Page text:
Even the Cuomo administration’s smallest concessions to transit riders on the Tappan Zee Bridge, it seems, are far from guaranteed.
After canceling all transit planning along the corridor, the Cuomo administration has consistently done everything in its power to avoid giving Hudson Valley commuters the transit system they are demanding: inflating the price tag of transit by including unrelated highway work, ignoring cheap or incremental transit improvements, and imagining popular opposition to transit that doesn’t seem to exist.
In the final environmental impact statement for the new bridge, released today, the administration continues to do all those things, throwing up roadblocks to providing transit rather than knocking them down. But the Cuomo administration goes further still, walking back the only accommodation they had offered to bus riders in Westchester and Rockland Counties. The administration’s promise to allow buses to use the extra lanes being built on each span of the new bridge, the so-called “emergency vehicle lanes,” has dwindled to a mere possibility, requiring further study.
The decision to let buses skip traffic on the Tappan Zee Bridge was hailed as Governor Cuomo’s first step in the direction of a transit-friendly bridge. County Executive C. Scott Vanderhoef, who had been fighting for better transit service across the bridge, identified that offer as a prime reason he was willing to start going along with the governor’s plans for the Tappan Zee. And in public forums since then, top administration officials have repeatedly cited it as evidence that they weren’t ignoring transit entirely.
Now, however, even that minor concession is being walked back.”The Replacement Bridge Alternative configuration could support the ability for express bus services to use the extra width on the bridge during peak hours,” says the FEIS. “This use would have to be appropriately assessed and considered before being implemented.” Similar language is repeated throughout the lengthy document.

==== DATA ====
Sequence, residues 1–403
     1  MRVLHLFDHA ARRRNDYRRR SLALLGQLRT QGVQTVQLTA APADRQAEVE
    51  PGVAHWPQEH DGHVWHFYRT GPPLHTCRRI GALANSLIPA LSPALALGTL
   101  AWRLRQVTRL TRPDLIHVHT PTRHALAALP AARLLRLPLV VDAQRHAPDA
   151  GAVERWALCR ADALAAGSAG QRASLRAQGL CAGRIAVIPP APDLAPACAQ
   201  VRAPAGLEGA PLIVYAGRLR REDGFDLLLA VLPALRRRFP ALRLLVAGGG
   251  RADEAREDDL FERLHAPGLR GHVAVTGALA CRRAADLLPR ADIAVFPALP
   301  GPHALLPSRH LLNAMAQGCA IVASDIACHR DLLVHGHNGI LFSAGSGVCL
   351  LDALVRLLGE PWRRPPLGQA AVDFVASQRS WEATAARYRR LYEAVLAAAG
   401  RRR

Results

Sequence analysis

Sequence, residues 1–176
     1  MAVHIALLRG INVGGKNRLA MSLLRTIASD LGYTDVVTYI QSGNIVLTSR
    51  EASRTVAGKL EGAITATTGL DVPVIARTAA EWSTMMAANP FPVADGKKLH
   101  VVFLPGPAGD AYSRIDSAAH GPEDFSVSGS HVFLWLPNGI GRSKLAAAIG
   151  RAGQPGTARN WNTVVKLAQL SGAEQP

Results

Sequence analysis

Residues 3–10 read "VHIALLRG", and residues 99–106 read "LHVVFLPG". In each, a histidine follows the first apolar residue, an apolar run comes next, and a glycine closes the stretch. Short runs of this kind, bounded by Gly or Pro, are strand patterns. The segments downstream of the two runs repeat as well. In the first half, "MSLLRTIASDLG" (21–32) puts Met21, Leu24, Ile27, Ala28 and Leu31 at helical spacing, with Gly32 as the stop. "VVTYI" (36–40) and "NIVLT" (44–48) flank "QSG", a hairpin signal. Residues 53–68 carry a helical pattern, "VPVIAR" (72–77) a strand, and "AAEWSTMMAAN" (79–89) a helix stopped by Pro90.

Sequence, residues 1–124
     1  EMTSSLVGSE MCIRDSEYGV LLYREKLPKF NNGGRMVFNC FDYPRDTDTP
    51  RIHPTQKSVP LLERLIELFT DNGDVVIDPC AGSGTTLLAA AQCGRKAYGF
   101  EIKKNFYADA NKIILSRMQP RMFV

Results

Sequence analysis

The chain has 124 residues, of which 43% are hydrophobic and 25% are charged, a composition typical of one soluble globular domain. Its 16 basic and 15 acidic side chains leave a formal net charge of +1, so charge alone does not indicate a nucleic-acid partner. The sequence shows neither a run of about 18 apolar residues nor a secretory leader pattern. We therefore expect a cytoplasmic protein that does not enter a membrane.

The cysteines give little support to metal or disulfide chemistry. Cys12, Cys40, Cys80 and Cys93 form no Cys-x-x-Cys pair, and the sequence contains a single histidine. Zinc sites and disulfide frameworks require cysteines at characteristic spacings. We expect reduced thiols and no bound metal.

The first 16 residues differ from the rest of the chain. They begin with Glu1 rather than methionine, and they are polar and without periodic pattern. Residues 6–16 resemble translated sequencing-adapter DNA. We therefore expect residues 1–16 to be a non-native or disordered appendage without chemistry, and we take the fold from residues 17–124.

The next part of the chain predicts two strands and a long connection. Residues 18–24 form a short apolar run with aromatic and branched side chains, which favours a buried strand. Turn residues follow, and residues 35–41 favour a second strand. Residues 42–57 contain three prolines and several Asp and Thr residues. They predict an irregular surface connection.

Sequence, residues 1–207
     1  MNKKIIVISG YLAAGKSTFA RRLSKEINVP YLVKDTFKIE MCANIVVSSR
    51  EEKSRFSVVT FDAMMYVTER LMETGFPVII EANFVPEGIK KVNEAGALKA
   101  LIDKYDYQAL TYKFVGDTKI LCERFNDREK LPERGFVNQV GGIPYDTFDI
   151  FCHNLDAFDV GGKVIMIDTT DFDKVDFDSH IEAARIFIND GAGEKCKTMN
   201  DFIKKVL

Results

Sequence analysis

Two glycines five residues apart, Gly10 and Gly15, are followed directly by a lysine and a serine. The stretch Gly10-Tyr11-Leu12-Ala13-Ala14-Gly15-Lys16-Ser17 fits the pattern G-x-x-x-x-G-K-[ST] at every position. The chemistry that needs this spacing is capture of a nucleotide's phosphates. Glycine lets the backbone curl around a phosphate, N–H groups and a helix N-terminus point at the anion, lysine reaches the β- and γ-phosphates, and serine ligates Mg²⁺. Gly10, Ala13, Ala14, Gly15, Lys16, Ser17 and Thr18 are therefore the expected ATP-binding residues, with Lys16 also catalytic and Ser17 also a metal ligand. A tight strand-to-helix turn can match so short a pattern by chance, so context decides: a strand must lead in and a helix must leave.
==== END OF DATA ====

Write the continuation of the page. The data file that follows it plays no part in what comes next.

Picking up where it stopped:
Cuomo’s press release, too, switches to conditional language: “The new bridge could support the ability for express bus services to utilize the extra wide shoulders on the bridge.”
“Governor Cuomo must firmly commit to the rush hour bus lane access his administration promised in June and further improvements to east-west bus transit in Westchester and Rockland Counties,” said Tri-State Transportation Campaign executive director Veronica Vanterpool in a statement, “improvements that will get people out of their cars and provide them a viable transit option that will spare them the burden of the bridge’s proposed higher tolls.”
If the extra lanes aren’t used for buses, they will just be extra concrete poured at the tollpayer’s expense. Emergency vehicle lanes don’t exist on any significant bridge in the country — shoulders, which the new bridge will add, are sufficient for providing emergency access — a point which the FEIS essentially admits.
“The extra-wide shoulders are not a standard highway design feature,” the DEIS says. “However, they maximize the public investment by allowing space for future options on the replacement bridge.” It looks like Governor Cuomo wants to keep his options open, including scrapping the little bit of transit he promised.
Today is my last day writing for Streetsblog, after more than two and a half years of covering the country’s greatest transportation system. I am headed to law school in the fall, but before I leave I want to say goodbye to all our readers, without whose comments, tips, perspective and watchful eyes not a single Streetsblog article would be as good.
It’s amazing how much has changed since I started. Select Bus Service, which progressives had somehow rallied against just months before I started, is now wildly popular across the political spectrum. The Sheridan Expressway teardown went from a long-shot to a federally-funded project and back again. The city has finally turned its attention to bike infrastructure in under-served neighborhoods like East Harlem (stay tuned for some exciting news on that tomorrow) and Brownsville, even as bike-share and protected lanes are about to make Manhattan cycling explode. The state is now being run by a Nixonian, anti-transit political mastermind, who has left the MTA teetering on the brink of another disaster. It’ll be exciting to see what happens next, now from the perspective of a reader.
Please, stay in touch. I hope to keep working on these issues in and after law school — I’m the kind of person who ends up declaring “it’s parking all the way down” in almost every new city I visit and who has already pored over the New Haven zoning code — and your insights have been so invaluable these last few years. Thank you.